Gender Equality

'Whenever has it been the custom for men and women to dine together?'

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'Stuff Every Husband Should Know' is the name given a book I picked at random in a bookstore during a recent trip abroad – reading silly prescripts is a real guilty pleasure, especially when they are built upon threadbare stereotypes of the woman-man relationship. “Everything is your fault. Learn to embrace this,” the author instructs husbands, who are advised to serve breakfast often to their wives in bed, not to scrimp on such obliging phrases as “What can I do for you, honey?” and “I shouldn't have done that. I'm sorry,” and to forget forever such loaded phrases as “What did you do to your hair?!” “Have you put on weight?” and “My mother was right!”

It is a fact that well-established, traditional stereotypes about the relationship between men and women radically changed because of emancipation. In 2010, The Atlantic Magazine published a controversial article with a no less controversial title – “The End of Men.” In that article, author Hanna Rosin asserts that the post-industrial economy has put an end to the dominance of men, clearing the way for women to take over. The author cites statistics to corroborate her assertion – for example, about seventy-five percent of couples request girls when applying for an artificial insemination method that supposedly enables them to select the sex of their child, which Rosin sees as a social trend reversal against the traditional preference for boys. The author also points to 2010 statistics showing more women employed than men for the first time in U.S. history and three women receiving college degrees for every two awarded to men.

Those statistics are impressive. It is obvious that economic order largely affects the redistribution of power between sexes – the role of women in democratic countries has sharply increased while men are in the process of adaptation. But how much that trend actually heralds the “end of men” is arguable. Proclaiming female dominance seems premature given the reality that, so far, only one percent of the global wealth is controlled by women; higher education is by no means a prerequisite of success; and the total income of women worldwide does not amount to even half of men’s total income. In the United States, women still earn only seventy-five cents for each dollar earned by men. The gender pay gap in Georgia is even wider – a woman earns a mere fifty-seven tetri against each Lari of a man’s salary.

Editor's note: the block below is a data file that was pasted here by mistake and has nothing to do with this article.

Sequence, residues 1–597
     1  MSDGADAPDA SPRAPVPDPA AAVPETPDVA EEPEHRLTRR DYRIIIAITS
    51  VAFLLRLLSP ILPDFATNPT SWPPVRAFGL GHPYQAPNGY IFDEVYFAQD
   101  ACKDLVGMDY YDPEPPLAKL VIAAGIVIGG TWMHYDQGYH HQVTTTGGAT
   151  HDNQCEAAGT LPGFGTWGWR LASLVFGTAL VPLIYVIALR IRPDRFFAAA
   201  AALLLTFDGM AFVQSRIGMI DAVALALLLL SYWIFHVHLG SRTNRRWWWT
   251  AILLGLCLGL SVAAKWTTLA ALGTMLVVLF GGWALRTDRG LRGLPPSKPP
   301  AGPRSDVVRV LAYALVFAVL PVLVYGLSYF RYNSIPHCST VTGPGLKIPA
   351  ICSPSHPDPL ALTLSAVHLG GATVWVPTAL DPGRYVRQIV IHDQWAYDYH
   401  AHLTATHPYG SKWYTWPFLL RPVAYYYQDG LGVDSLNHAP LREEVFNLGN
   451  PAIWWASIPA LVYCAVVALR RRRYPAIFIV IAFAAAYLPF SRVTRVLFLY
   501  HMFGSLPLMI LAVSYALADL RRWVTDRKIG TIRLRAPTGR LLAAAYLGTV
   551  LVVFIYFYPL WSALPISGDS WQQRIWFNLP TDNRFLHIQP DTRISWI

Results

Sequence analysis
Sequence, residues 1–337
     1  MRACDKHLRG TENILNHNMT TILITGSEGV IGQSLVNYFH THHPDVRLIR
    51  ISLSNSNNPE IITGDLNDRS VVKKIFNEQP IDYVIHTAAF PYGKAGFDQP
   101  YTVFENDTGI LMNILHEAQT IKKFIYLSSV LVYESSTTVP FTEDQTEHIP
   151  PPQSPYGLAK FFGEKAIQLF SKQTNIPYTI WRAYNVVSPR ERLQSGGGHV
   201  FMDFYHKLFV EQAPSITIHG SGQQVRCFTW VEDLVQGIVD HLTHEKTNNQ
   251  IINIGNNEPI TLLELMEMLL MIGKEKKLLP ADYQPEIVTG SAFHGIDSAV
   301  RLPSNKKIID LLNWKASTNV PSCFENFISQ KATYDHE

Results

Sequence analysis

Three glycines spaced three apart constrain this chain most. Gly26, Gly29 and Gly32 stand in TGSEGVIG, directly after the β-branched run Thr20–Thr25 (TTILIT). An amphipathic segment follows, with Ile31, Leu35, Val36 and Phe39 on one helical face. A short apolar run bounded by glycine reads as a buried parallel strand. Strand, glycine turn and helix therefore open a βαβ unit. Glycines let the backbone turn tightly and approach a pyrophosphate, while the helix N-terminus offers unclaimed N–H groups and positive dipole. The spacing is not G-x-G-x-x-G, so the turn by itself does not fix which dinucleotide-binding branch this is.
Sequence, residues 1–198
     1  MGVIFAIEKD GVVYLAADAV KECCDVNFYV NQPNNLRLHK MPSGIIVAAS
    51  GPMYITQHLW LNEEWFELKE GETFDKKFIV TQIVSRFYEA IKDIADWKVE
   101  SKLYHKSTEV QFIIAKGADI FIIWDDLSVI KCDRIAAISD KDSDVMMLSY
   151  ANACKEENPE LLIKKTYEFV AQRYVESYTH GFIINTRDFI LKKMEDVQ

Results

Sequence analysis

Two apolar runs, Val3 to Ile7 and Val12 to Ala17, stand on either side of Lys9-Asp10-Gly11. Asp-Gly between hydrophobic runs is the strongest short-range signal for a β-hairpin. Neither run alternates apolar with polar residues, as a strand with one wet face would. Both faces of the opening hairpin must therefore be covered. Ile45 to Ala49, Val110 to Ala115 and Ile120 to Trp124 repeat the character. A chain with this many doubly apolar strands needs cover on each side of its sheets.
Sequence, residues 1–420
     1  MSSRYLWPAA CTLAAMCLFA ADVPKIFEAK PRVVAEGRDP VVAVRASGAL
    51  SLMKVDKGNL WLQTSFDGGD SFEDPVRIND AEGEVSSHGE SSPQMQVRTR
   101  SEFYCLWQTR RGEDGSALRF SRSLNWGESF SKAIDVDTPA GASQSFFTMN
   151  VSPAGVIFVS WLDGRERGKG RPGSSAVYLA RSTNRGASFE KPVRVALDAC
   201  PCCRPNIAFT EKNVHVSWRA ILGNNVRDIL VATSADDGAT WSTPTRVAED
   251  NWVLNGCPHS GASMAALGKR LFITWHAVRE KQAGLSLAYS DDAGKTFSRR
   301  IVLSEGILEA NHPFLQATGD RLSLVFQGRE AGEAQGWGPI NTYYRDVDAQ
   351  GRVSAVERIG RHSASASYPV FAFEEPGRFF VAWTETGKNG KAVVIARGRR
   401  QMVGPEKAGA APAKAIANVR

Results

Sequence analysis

Material inequality between the sexes is explained in various ways. Some believe that it is the result of gender injustice, which is characteristic for capitalist and patriarchal societies. Others contend that statistically based concerns about discrimination against women are, to put it mildly, a mistake – men receive higher remuneration than women because, along with other factors, men work longer hours.

Discussing gender differences in the context of gender antagonism alone reflects a superficial analysis of a complicated phenomenon. Gender roles are determined by numerous other factors too.

A Noble Prize winner in economic sciences, Gary S. Becker, asserts that the traditional distribution of functions in a family (wife - housewife, husband – breadwinner) was historically determined by economics. So was conventional morality. Under the old economic order, it was financially more advantageous for a woman to be a housewife. Outside the home, women could not profitably vie with men in an agrarian economy that mainly demanded physical labor.

The situation changed radically in the Nineteenth Century with the development of an industrial economy and a correspondingly sharp increase in human productivity. That, in turn, increased the cost of human resources. Increased labor prices forced employers to seek a cheaper workforce in the form of females. Those emerging labor trends encouraged women to obtain the qualifications needed to ensure their employment outside the home. Women thereby obtained the potential of earning more money for their outside labor than the cost of fulfilling their family functions.

Moreover, it became no longer feasible to depend on a single breadwinner once parents placed children’s college educations high on the agenda. The increase in life expectancy at the same time increased the financial burden of caring for aged parents. One also had to take into account health care costs, which had not constituted a problem earlier when medicine was still underdeveloped.

Having obtained material independence, women developed requirements different from men, as well as the desire to engage in decision-making processes. Hence, women entered politics.

The number of women in the workplace soared after World War II, which can be largely attributed to the early development then of a service-based economy. The mass exodus of women from their homes created additional jobs and a new demand for services that had traditionally been performed by mothers of families at home. Eventually, the number of spheres dominated by women increased – education, health care, social services, etcetera.

Changes in the role of women naturally affected family structure and conventional morality. The number of divorces sharply increased – statistics prove that financial independence has made it easier for women to decide to divorce their husbands. Family size also shrank – families with four or five children have become a rarity even in those Western countries that provide parents with the best possible maternity benefits. The main reason for that is also economics – it costs parents far more now than ever before to raise and educate a child.